How To File Bankruptcy

People in financial distress are often advised to consider filing bankruptcy as a last resort option. Although bankruptcy can help you get your finances in order and may even allow you to start over, it can also have negative consequences that could affect your possessions and make credit approval difficult for many years.

These are the things you should know before you file.

What happens when you declare bankruptcy?

Bankruptcy is an option for those who are in financial trouble. You can either pay off a portion of your debts slowly or completely.

Declaring bankruptcy will grant you an automatic stay. This is a stop to creditors trying to collect your debt. They cannot take money out of your bank account, garnish your wages, or pursue any other assets.

The court will then give you time to meet with your creditors and work out the next steps.

What if I lose my property?

Whether you file chapter 7 or chapter 13, bankruptcy, what happens to your property will depend on which option you choose. You can find out which bankruptcy option is best for you by reading “Bankruptcy: Chapter 7, vs. Chapter 13”. Based on the route you choose, here’s what you can expect.

Chapter 7

Chapter 7 bankruptcy is also known as liquidation bankruptcy. This is because you will need to sell some assets to pay at least a portion.

However, some assets are exempted from liquidation by state law. This includes your retirement accounts, home, and car. To find out which property you are allowed to keep, consult a bankruptcy lawyer in your state.

Chapter 13

Chapter 13 bankruptcy means that you won’t have to sell your assets to pay your debts. Instead, your debts are reorganized so you can pay them off in part or full over the next three- to five years.

Remember that creditors could sue you if your payments are not made according to the plan.

What happens to my credit if I declare bankruptcy?

Declaring bankruptcy is a sign you are not paying your debts according to the agreement. This can severely damage your credit score. The two types of bankruptcy, however, are not treated in the same manner. Chapter 7 bankruptcy can remain on your credit report up to 10 years after it is filed. This is because it completely erases all debts.

Although chapter 13 bankruptcy may not be the best option for credit, it is still a good choice because you have paid off some of your debts, and it will remain on credit reports for up to seven-year.

It may not be easy to get credit approval, particularly if you have favorable terms after your bankruptcy has been discharged by the court. However, some lenders will work with individuals who have been through bankruptcy or other credit-related events.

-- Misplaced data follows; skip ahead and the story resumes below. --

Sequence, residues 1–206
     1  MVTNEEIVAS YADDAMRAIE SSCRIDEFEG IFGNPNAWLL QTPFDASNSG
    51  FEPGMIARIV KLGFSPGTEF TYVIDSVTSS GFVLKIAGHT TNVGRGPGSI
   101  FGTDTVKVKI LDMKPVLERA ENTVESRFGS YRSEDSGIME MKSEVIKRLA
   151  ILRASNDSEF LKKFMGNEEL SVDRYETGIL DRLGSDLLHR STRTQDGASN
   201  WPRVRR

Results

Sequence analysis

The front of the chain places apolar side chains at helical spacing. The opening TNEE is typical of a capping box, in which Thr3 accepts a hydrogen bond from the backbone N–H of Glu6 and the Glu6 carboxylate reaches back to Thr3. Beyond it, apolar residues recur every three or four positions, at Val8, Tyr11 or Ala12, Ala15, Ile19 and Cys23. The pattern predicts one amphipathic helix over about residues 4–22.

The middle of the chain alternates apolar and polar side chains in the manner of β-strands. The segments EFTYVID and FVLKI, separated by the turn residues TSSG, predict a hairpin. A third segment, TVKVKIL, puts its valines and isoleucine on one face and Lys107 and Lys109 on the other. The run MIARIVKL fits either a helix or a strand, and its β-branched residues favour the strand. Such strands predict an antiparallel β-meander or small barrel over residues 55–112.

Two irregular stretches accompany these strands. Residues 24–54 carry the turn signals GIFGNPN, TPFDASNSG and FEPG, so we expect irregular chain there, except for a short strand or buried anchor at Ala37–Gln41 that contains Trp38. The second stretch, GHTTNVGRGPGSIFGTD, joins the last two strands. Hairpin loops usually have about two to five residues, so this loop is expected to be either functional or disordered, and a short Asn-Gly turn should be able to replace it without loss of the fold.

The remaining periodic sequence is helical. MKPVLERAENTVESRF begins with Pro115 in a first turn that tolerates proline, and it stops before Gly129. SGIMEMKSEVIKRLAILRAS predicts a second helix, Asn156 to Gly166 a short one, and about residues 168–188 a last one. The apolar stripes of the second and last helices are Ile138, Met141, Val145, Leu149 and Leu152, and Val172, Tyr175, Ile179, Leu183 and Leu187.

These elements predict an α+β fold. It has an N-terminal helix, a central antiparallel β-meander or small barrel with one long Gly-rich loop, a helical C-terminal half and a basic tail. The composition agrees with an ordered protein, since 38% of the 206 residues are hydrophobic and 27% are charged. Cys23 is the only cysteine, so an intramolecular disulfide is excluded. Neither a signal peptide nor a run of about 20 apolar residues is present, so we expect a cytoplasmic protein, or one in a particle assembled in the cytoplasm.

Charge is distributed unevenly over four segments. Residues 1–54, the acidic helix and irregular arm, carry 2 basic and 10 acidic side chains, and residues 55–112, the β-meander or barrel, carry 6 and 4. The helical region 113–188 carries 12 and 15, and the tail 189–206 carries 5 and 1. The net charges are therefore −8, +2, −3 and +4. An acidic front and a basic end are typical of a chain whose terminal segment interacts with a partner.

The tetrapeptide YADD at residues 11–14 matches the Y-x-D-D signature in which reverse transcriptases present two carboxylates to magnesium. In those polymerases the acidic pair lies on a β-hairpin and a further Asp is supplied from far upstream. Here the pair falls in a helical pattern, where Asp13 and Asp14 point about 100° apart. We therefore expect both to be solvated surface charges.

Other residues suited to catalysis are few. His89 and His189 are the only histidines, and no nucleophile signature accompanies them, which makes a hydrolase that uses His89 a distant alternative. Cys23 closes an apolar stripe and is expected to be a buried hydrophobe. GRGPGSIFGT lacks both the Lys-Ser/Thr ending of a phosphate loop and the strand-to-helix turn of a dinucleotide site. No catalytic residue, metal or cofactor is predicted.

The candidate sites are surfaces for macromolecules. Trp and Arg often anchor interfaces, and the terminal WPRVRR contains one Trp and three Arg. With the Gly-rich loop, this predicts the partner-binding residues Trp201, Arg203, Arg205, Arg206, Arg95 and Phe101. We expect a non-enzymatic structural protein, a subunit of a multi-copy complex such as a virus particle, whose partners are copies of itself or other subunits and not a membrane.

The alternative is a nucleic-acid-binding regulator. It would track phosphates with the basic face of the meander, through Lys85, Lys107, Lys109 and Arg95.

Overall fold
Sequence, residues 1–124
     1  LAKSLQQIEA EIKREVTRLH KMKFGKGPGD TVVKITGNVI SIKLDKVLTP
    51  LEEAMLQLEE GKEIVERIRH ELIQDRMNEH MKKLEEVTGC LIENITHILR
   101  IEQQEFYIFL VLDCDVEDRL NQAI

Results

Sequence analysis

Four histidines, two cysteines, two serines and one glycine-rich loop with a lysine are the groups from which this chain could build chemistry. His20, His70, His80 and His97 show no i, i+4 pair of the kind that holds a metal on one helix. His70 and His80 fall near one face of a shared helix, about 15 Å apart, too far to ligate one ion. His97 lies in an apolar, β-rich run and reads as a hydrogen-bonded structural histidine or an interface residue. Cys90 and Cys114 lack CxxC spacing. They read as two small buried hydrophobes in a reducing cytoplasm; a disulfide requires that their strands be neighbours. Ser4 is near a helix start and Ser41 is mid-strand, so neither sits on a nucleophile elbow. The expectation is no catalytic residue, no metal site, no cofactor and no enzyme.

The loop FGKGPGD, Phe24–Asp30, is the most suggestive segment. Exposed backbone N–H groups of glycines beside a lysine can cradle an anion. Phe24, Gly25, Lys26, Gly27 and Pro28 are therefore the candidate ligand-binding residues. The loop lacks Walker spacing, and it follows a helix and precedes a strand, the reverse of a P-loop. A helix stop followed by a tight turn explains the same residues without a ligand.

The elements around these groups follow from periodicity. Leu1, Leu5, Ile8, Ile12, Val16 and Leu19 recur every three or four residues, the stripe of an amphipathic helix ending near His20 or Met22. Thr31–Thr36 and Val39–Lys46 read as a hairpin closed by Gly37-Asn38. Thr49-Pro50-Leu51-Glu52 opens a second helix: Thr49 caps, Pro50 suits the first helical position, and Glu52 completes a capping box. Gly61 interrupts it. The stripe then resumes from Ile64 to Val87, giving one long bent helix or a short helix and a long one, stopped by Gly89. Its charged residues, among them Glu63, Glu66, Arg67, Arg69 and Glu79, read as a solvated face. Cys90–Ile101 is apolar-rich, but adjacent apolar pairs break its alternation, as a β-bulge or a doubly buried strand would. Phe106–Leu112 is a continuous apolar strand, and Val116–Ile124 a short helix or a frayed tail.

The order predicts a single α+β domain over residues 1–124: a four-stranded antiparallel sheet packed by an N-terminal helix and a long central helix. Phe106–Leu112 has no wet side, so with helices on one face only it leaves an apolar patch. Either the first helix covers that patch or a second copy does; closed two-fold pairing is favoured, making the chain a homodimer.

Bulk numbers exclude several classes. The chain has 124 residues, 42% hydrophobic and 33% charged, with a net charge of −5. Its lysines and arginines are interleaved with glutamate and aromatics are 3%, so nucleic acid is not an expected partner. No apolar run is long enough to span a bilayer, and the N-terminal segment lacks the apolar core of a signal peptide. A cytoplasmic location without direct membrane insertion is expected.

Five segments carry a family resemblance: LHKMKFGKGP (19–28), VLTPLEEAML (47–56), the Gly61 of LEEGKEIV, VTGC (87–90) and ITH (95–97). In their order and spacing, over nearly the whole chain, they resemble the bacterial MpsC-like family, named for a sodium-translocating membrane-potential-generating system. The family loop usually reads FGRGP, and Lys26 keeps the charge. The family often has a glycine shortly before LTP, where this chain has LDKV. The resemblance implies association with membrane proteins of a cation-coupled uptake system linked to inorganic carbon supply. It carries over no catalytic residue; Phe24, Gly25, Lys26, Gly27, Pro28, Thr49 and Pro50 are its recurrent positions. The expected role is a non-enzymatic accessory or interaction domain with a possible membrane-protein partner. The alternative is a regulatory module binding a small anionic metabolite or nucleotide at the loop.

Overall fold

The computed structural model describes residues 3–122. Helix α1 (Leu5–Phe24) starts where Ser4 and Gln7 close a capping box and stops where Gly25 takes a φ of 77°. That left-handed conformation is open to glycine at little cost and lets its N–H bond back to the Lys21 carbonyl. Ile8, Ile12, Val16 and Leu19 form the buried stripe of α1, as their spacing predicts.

Credit scoring models also favor new information over older information. After bankruptcy, positive credit habits can help your credit score recover over time, even though it is still on your credit reports.

Are Bankruptcy Files Publicly Accessible?

Although bankruptcy proceedings are considered public records, that does not mean that everyone will access them. The system for filing bankruptcy proceedings is called Public Access to Court Electronic Records (or PACER).

It’s common for creditors and attorneys to use this system to find information about bankruptcy. Anyone can sign up and access the information if they wish. Access to case information is available for 10 cents per webpage.

Public notices in your local newspaper could also be a way for people to learn about your bankruptcy.

Employers, landlords, and creditors might be able to see on your credit reports that you have filed for bankruptcy.

What effect will bankruptcy have on my job and future employment?

According to CareerBuilder’s survey, 29 percent of employers conduct credit checks on job applicants. Declaring bankruptcy can affect your ability to find a job, especially if you are in the financial sector or work for a government agency.

This is done primarily to ensure you are a good match for the job, such as handling money. It also helps ensure you are not stressed financially, increasing your chances of fraud or theft.

Your bankruptcy will not be revealed if an employer does a routine background check.

Employers are less likely to conduct background checks on employees. If you don’t plan to change jobs, there is no reason to worry about a bankruptcy affecting your employment.

Keep track of your credit during the process

Declaring bankruptcy can harm your credit history and future ability to do certain things. It’s important that you monitor your credit scores throughout the process and working to recover from them.

You should also monitor how your credit scores are affected by certain actions. Also, be aware of potential errors or negative information that could impact your credit score. You can dispute any information that you find on your credit reports.

You’ll be able to track your credit score over time and how you can improve it.



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